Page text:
On the final shooting day of the workshop, we started out at a beautiful church by the sea. While the church was quite nice, the sky was even more impressive and I tried to make the most of it in my photos.
Our next stop was a beautiful seascape where we shot from the top of a cliff. Hundreds of birds were nesting in the cliff wall, and if you were fast enough, you could get some images of birds in flight.
I can’t take credit for this one! This image is by Ragnar Th Sigurdsson, of our group across the way. Definitely check out Ragnar’s incredible work at www.arctic-images.com. He’s also got several books out featuring Iceland’s stunning landscape and volcanoes.
As I mentioned in a previous post, one of the things I liked most about Iceland was the storybook horses, and I was excited to get one more opportunity to photograph them. We made an unexpected stop when we saw a group of horses grazing near the road. We were told that as long as we stayed low to the ground, we wouldn’t intimidate the horses and they would be comfortable with us hanging around. Well, not only were they comfortable with us, but many of them were pretty curious, coming right up to us and sniffing our cameras!
After a picnic lunch, we moved on to our last shooting spot, the blue lagoon. So much of Iceland’s energy is sourced from the geothermal activity in the Earth’s crust. One of the geothermal features is the country’s steaming lagoons, completely heated from deep within the Earth. It’s almost eerie to see these bright blue pools of water with steam coming out of them. Some are actually boiling! If you’ve ever been to Iceland, you know that the Blue Lagoon is actually a really nice spa with a geothermal pool. It was actually rated as one of the top spas in the world at one point. Our group did not go to the spa to shoot, however. We went to the “non-commercial” part of the lagoon, which was adjacent to the spa.
Finally, our journey came full-circle as we arrived back at the Grand Hotel in Reykjavik, which is where we started. We called it an early night and relaxed in our beautiful hotel room, editing images.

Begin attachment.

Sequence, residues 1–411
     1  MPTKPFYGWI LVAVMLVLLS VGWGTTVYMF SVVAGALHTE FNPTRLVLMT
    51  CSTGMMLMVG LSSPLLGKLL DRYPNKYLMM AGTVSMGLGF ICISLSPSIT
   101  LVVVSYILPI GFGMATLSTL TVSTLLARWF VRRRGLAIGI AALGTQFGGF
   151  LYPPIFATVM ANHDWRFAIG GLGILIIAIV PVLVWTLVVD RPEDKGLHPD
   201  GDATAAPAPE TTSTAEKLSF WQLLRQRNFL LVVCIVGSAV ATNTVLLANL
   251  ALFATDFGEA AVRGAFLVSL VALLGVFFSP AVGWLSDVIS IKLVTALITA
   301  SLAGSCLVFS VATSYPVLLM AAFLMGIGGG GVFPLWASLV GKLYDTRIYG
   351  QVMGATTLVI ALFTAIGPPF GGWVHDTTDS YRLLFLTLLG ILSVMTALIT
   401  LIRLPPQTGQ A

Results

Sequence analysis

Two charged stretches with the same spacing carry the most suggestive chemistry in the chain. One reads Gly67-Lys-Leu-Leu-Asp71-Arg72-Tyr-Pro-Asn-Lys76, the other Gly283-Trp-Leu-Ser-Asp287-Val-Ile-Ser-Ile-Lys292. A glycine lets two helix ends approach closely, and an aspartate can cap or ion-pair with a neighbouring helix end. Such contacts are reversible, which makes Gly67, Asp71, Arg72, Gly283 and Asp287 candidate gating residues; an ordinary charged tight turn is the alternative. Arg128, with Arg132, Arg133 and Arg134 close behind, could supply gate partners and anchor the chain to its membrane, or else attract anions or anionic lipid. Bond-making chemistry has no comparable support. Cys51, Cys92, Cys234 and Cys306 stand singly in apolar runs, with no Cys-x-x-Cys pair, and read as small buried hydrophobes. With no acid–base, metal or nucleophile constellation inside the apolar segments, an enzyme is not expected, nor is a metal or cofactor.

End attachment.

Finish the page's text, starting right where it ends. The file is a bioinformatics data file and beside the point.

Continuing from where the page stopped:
Day 9: Classroom sessions and the “Last Supper”
The workshop wrapped up with a day of image editing in the hotel’s small meeting room. We opened the room at 9 am and Ben was available the whole time to help with editing/Photoshop questions. To finalize things, I collected images from everyone and created a slideshow/video so we could all re-live our adventure through our images. That night, the whole group went out to dinner in downtown Reykjavik, an event that Einar called “the last supper.” I’ve got to say, I was sad to say goodbye to everyone. We all had such a great time, and it was wonderful getting to know each of the people we traveled with.
Day 10: Spa day
Ben and I had one extra day in Iceland after the workshop ended, and darn it, I wanted to spend it at the Blue Lagoon spa! We took a shuttle to the Lagoon and spent a couple hours soaking in that blissful warm water. There was even a little bar that you could swim up to and get fresh juice, cocktails and even facial masks! Ben and I got a lava mask that was pretty cool. When we asked for it, the gal handed us each a cold black rock. Ben and I looked at each other like “what exactly do we do with this?” It turns out that, once you dip them in the warm water, they start to soften into a consistency that lets you rub it on your face. Aside from the crowds at this place (I think it should have been adults-only, the Blue Lagoon was a great way to spend our last day in Iceland!
For dinner that night, we met up with Ben’s friend Addy, who just happened to be spending a few weeks in Iceland! This kind of coincidence is so typical for us, but we’re always blown away by how things often work out like that. We went to dinner and then a fun little pub for an after-dinner drink.
We flew back to the States on the morning of July 2nd, and I have to admit that I was bummed to be leaving so soon. I wish we had another week to explore there. I guess that just gives me something to look forward to … and you better believe we’re planning on returning! In fact, we have two more workshops in the planning stages right now. We’ll do another next summer that will be very similar to the one we just wrapped up, and then we’re going to do a winter workshop that will focus on night photography (Iceland is dark most of the time in the winter) and of course, the northern lights. For now, I’m still enjoying going through all my photos from this amazing Icelandic adventure!
More to come…
This is a little slideshow I put together with lots of my images from the trip.